Cablegram 216 WELLINGTON, 6 December 1944, 12.05 a.m.
Regional Commission and Colonial Policy.
After careful consideration of the United Kingdom telegrams 274
 and 275  we cannot avoid the conclusion that our views are
still not entirely understood.
We also note with regret that the effect of the messages from the
Secretary of State is to postpone indefinitely the commencement of
the South Seas Regional Commission on the argument that such
bodies are, bound up with the consideration of international
My statement  on the other hand purported to make it clear that
we regard the South Seas Regional Commission purely as a welfare
body set up by voluntarily co-operating Governments and not
connected with any scheme of international supervision that might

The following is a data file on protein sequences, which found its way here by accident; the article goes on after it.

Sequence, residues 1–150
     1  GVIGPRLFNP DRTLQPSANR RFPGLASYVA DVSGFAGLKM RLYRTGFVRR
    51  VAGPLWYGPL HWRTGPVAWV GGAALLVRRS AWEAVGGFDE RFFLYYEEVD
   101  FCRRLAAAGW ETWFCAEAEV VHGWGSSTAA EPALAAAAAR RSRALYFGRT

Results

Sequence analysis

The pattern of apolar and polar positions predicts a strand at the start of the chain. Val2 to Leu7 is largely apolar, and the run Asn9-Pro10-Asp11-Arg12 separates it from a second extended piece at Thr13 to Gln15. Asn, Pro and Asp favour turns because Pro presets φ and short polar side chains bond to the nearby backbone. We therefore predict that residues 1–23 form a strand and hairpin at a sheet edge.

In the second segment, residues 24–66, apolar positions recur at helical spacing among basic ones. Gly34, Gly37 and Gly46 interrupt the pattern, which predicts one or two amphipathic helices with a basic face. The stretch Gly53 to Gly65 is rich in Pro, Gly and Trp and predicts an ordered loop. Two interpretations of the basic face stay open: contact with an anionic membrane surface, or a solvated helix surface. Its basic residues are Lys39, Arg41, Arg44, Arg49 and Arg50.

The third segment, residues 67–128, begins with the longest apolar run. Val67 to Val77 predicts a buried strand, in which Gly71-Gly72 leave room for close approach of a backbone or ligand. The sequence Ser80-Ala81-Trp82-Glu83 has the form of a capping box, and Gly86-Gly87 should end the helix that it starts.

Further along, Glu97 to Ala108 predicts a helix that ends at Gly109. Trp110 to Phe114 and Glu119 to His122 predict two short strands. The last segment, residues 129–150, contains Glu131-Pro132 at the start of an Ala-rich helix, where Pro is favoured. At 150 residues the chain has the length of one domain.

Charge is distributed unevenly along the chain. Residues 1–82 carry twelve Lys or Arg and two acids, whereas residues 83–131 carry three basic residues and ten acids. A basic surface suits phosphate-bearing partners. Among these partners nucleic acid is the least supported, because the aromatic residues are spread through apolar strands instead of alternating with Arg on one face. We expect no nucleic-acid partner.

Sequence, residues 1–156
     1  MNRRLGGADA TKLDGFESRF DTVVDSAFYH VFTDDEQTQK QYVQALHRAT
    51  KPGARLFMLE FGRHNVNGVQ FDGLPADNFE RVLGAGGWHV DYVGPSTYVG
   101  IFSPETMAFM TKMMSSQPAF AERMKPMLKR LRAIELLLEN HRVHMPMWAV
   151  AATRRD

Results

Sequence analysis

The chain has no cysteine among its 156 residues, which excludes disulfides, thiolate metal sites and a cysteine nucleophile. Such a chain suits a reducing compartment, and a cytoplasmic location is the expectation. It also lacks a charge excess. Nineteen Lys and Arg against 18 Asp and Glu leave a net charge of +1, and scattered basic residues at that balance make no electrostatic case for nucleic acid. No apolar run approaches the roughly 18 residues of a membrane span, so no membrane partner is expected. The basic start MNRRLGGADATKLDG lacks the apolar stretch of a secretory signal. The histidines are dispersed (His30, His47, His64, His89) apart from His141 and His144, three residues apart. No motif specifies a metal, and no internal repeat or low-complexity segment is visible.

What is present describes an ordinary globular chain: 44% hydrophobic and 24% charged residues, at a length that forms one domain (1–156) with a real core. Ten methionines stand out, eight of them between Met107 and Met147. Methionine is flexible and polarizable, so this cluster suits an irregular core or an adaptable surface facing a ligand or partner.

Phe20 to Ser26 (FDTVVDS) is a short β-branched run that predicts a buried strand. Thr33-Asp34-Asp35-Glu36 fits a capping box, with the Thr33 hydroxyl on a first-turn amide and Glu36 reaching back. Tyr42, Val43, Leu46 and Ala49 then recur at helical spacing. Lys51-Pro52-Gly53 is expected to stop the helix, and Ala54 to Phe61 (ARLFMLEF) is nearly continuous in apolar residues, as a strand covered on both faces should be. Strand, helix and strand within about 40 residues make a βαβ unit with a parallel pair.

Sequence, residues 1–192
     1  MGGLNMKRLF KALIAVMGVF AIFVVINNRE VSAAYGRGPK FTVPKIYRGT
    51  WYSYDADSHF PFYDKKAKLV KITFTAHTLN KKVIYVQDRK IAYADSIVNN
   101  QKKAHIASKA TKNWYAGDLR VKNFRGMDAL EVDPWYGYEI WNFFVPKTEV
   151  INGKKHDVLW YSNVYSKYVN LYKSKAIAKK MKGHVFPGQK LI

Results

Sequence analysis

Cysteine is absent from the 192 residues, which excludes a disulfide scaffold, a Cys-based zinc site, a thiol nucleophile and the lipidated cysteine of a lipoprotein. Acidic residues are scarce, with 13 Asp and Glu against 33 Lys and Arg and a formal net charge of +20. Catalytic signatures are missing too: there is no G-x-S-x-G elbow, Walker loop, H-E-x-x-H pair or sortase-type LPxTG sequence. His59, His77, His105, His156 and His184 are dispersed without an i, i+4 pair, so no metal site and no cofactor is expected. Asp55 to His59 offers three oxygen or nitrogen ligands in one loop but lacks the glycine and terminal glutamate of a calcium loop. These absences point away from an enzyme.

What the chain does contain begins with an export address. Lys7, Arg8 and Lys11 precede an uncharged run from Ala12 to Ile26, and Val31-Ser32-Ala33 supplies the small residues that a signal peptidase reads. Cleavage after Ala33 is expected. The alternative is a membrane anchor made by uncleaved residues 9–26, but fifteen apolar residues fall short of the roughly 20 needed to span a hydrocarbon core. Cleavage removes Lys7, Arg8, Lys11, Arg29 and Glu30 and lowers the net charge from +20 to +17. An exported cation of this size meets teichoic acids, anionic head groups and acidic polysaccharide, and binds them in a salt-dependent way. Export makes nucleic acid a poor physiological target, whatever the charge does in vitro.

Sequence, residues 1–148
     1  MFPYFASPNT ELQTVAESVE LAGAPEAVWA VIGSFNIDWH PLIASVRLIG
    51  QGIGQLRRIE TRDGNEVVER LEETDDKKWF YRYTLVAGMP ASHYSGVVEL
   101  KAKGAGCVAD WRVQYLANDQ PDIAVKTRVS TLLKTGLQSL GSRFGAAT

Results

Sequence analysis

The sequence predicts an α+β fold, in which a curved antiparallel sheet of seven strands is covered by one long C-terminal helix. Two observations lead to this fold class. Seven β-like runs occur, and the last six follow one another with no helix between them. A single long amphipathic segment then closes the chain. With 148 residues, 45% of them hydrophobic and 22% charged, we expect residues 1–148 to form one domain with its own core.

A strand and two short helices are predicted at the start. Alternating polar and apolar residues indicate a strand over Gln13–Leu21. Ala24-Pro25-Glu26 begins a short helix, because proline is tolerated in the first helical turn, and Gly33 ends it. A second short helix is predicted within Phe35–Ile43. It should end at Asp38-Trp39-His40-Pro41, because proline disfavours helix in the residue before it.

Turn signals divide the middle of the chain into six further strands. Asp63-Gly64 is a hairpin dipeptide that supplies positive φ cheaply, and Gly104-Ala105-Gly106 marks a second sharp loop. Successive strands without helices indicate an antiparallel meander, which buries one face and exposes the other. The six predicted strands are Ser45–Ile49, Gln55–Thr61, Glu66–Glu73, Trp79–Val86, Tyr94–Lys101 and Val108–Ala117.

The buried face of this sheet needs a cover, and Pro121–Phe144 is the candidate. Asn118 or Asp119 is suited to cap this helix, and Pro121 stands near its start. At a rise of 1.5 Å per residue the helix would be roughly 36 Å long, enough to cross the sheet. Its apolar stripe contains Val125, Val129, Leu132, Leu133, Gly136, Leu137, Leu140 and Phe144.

or might not be set up in the future. We do not see how the
establishment of the Regional Commission, any more than that of
the existing Caribbean Commission, could prejudice later
consideration on the basis of the United Kingdom Government's
forthcoming note or otherwise of larger questions of colonial
These larger questions will ultimately need to be examined on the
broadest basis and probably at considerable length with the United
States of America as the Secretary of State for Dominion Affairs
suggests and also presumably at the United Nations Conference on a
general international organisation.
In the meantime we are reluctant to postpone the practical welfare
work which we envisage and consider that, as we are not thereby
prejudicing in our favour any issue of general principle on which
the United Kingdom and our own views may differ, we should again
press for an early discussion among the interested powers.